October 06, 2022
11 11 11 AM
Breaking News :
FireNews : ‘Billions of dollars get left behind’: The 401(k) industry now has a ‘lost and found’ for your old retirement accounts #FireNews365 FireNews : Macron is a friend, Putin is the foe – Truss #FireNews365 FireNews : Zambian boxer Phiri handed two-year doping ban #FireNews365 FireNews : Stocks making the biggest moves midday: Compass, General Electric, Shell, Pinterest and more #FireNews365 FireNews : Former Uber security chief convicted for concealing a felony #FireNews365 FireNews : Uganda president apologizes to Kenya for son’s ill-advised invasion tweets | CNN #FireNews365 FireNews : Stocks making the biggest moves premarket: Peloton, Shell, Compass and more #FireNews365 FireNews : NI Protocol dispute will not be resolved by 28 October, says Coveney #FireNews365 FireNews : Annie Ernaux: French writer wins Nobel Prize in Literature #FireNews365 FireNews : Nika Shakarami: Iran protester’s family forced to lie about death – source #FireNews365

FireNews : Elon Musk just took the entire EV sector down with these comments #FireNews365

After skipping Tesla’s third-quarter call, he returned to the call Wednesday to discuss fourth quarter’s record earnings and revenue. But his comments on this week’s conference call spooked investors despite Tesla’s successful financial results. Tesla (TSLA) shares had their worst day in months on Thursday, losing 11.6% and taking the other EV stocks down along with it.
Musk focused his comments on supply chain issues that had hurt Tesla far less than other automakers. Although Musk said Tesla was on path to be “comfortably above 50% growth in 2022,” and that the chip shortage is “better than last year,” he also noted the supply chain problem is “still an issue that could slow the rollout of new vehicles that had been expected as soon as this year.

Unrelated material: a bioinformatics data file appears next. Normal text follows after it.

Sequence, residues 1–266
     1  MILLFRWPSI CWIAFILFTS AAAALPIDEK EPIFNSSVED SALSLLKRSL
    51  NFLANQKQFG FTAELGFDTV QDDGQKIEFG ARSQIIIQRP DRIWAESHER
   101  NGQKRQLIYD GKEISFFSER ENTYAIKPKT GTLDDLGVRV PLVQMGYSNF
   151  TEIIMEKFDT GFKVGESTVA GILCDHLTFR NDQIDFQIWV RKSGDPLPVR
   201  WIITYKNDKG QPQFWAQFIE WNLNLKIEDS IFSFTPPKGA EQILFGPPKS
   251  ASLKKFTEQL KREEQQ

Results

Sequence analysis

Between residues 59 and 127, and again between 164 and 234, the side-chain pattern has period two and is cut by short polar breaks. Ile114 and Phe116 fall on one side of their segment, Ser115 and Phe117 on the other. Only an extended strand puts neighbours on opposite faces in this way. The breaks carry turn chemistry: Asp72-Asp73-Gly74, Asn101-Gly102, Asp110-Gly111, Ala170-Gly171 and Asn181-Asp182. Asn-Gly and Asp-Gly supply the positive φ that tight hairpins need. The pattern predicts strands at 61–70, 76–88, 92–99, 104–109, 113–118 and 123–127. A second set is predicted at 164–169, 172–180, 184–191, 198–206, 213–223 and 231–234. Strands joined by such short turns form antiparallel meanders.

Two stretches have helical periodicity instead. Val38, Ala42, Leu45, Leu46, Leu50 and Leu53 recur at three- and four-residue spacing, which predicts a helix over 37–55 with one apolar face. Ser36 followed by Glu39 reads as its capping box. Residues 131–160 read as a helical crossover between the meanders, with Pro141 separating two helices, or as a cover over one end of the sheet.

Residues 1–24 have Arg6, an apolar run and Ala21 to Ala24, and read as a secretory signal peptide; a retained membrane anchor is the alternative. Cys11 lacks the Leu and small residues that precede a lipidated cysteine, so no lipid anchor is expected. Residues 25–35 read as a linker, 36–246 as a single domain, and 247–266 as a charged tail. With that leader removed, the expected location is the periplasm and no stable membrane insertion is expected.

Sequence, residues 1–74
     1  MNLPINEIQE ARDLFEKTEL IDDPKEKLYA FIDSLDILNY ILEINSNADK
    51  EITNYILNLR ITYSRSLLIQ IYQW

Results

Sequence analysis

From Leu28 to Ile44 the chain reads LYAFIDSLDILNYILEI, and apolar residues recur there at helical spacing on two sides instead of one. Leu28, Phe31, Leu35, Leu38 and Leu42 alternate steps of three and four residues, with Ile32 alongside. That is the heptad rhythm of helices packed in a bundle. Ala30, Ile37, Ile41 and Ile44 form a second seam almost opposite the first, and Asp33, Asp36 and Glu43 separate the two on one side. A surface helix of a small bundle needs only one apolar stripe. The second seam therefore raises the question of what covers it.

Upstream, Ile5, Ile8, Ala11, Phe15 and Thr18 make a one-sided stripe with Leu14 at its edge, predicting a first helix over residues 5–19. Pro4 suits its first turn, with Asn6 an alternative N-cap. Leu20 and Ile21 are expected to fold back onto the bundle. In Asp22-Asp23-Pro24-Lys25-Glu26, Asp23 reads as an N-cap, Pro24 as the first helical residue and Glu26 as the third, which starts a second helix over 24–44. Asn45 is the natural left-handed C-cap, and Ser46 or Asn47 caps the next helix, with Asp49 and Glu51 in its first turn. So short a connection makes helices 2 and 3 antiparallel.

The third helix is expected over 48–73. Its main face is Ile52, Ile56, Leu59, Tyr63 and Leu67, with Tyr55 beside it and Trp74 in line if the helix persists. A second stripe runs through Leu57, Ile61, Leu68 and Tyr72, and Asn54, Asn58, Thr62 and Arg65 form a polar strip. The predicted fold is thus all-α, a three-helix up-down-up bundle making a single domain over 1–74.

He said plans for its Cybertruck, Tesla’s first pickup, would be pushed back to at least 2023, along with a new Roadster and a semi truck. He said he hopes Tesla will be “ready to bring those to production hopefully next year. That is most likely.”

Some Wall Street analysts were frustrated by Musk’s comments on the call.

“There was no reason that he needed to double down and shout ‘supply chain’ into a crowded theater,” said Dan Ives, tech analyst at Wedbush Securities. “He gave the bears meat on the bones. That’s why the stock sold off. I’m convinced if Musk was not on the call, the stock probably would have been up on Thursday.”

None of Musk’s comments directly addressed the situation at other EV companies. But all the pure-play EV stocks fell sharply Thursday. Rivian fell 10.5% while Lucid shares tumbled 14.1%, and Chinese EV maker Nio (NIO) had its US shares fall 6.8%. Ives said Musk’s comments raised concerns that if an EV maker as big as Tesla is facing problems, its smaller upstart rivals could be suffering even worse.
Tesla shares are down 21% this year through Thursday’s close, and it has fallen below a $1 trillion market cap — a benchmark it hit late last year.
Even with the sell-off, which continued Friday, Tesla shares are worth more than the market value of the 10 largest automakers in the world, combined. That means Tesla has a valuation that many people think is unsustainable, making it more susceptible to sell-offs like the one Thursday, especially at a time that broader US markets are already in correction territory.

“Investors wanted confidence from Musk,” Ives said. “Instead they got him talking about supply chain and robots.”

Musk’s comments on the call were a stark contrast to Apple (AAPL) CEO Tim Cook’s performance on its call Thursday evening.
Cook also had very strong fourth quarter results to report, and like just about all manufacturing companies on the planet, is dealing with supply issues. But with Cook assuring investors, Apple shares were higher in Friday morning trading.

Source link